APAC Marketers, be it #WannaCry or #Covfefe, you should start responding to real-time events
May 12th saw the biggest cyberattack in history, hitting over 150 countries. Known as and variants of that name, the ransomware swept the globe – and it’s still claiming victims and threatening to wreak more havoc.
In the hours following the attack, the hashtag, #WannaCry, began trending all over social network. Yet, we noticed that many IT security companies were silent on the topic, even after 72 hours! It was like the world knocked, pushed at the front door and called out, but no one replied.
The problem with silence
Just like how it can be utterly destructive to our personal relationships, it could also kill your brand.
You see, real-time situations present your brand with unique short-lived windows or opportunities to leverage and create relevance in marketing your products and services. It’s a critical time when your audiences are listening and paying attention. So, done right, you’ll strike the iron when it’s hot.
A great recent example of this was when POTUS Donald Trump sent the world into a bewildered, viral chaos with his tweet: “Despite the constant negative press covfefe.” The word ‘covfefe’ was supposedly a typo for the word ‘coverage’, but the tweet never got deleted nor edited. This prompted some brands to take the misspelled word and run with it.
In an instant, these brands were able to create a connection with their target audiences and got the conversation going – all without breaking the bank to get the same number of views with say, paid media investment.
It’s simpler said than done, though. The struggle between capturing the spirit of the moment and thinking through everything is real – especially when there’s a fine line between a real-time marketing strategy that hits the right tone and one that falls flat.
So what are some of the ways you can get it right?
First of all, and the most basic: do your research well before the moment arrives. Many events are spread throughout the year. There will, of course, be some that you can’t plan ahead for since they happen unpredictably – just like the ransomware attack. But for the predictable ones, there are usually a set of expected outcomes which you can anticipate and have an idea of how your brand would like to respond to it.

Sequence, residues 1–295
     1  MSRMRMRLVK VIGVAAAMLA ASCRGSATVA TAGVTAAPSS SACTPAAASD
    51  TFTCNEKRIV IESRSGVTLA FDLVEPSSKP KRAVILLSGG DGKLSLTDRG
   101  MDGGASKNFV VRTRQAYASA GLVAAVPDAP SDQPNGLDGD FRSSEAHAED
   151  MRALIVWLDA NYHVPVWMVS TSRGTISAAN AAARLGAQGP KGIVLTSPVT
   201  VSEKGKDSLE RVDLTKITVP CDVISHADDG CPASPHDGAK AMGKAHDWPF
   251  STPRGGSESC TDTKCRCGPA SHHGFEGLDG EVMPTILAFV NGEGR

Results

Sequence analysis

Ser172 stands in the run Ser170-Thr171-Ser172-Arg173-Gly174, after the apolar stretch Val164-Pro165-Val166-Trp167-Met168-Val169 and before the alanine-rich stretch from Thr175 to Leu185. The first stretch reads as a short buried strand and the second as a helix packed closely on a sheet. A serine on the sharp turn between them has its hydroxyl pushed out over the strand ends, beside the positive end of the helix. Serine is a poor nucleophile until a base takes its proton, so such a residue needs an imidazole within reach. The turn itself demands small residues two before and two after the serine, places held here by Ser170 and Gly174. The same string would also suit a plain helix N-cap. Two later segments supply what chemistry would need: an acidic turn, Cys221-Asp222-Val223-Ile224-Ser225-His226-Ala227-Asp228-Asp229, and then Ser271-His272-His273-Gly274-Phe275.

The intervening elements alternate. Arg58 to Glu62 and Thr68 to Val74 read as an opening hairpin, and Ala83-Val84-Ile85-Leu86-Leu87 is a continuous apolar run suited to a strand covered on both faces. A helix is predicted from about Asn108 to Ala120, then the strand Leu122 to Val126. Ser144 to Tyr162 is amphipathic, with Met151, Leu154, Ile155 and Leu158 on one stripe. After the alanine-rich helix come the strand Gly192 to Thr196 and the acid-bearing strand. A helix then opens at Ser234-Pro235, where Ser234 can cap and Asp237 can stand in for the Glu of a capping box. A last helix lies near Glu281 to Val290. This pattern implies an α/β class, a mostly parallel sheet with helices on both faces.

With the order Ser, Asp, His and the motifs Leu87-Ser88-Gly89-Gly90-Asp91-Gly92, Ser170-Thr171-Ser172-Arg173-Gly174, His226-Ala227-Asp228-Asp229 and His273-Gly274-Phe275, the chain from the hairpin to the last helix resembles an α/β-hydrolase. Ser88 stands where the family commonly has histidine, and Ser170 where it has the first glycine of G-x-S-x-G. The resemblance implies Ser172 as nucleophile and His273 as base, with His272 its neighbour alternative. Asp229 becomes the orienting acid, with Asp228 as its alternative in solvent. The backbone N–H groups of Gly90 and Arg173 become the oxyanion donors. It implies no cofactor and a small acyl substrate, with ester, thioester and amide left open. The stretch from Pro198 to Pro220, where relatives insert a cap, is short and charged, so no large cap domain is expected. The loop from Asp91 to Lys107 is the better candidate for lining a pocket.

For example, Apple tends to hold their consistent 3-ish keynotes per year. And most often than not, there are new products and software releases. So if it’s related to your business, you can get a head start and plan your tactics around the upcoming event.
If you have a little extra moolah on the side, you could invest in tools for social listening and tracking of trends, OR simply keep an eye on traditional news media as well as social media, by setting up Google alerts, or even by paying attention to conversations in everyday life – from the supermarket to the watercooler at the office.
Making changes from the inside out
Research aside, creating an agile culture in your organisation plays a part too. What exactly does that mean? It’s about embracing a less-rigid, open mindset that fosters increased teamwork and collaboration, and even a simple approval process with minimum hierarchy – something we advocate at our Disrupt Forum event: .
On top of that, it would definitely be useful for your brand to have your Marketing Manager and PR Manager collaborating with a team of Social Listening Experts, a Copywriter, Digital Strategist and a Developer to respond efficiently to the real-time events – all of which can be supported with the modern marketing agency of today.
If the piece doesn’t fit, don’t force it
An important lesson that could make or break your brand: only use events that resonate for you as a brand. If it doesn’t tie into your marketing strategy or fit neatly in with your products, then leave it be.
Real-time marketing can show your brand’s significance to current events and situations. But be careful not to try too hard to align your product with anything and everything. Always assess how the content aligns with your brand, fits into your wider marketing objectives, and how your audience might respond.
Here are some examples of brands whose real-time marketing did more harm than good – one referencing ovens when a tribute to a movie about the Nazis was being played at the 2015 Oscars, and another, leveraging on the tragic disappearance of Malaysia Airlines flight MH370. They, of course, had poor results to show for:
Put the bass in our walk
At MOI, we’re not one to just talk the talk. Here’s how we did real-time marketing when we saw the untapped opportunity for IT security marketers during the ransomware attack. With this pro-active approach, we attuned it to our services and catered the messaging to our audiences – which garnered: total impressions: 316,506, average click-through rate (CTR): 0.521%, and average engagement rate: 0.707%.
Need I say more? So marketers, it’s time to pay attention, take advantage of trends and make real-time marketing work for your brand. Instant. Conversational. Turning Heads.
Posted by Lidya Salim, APAC Business Director, MOI Singapore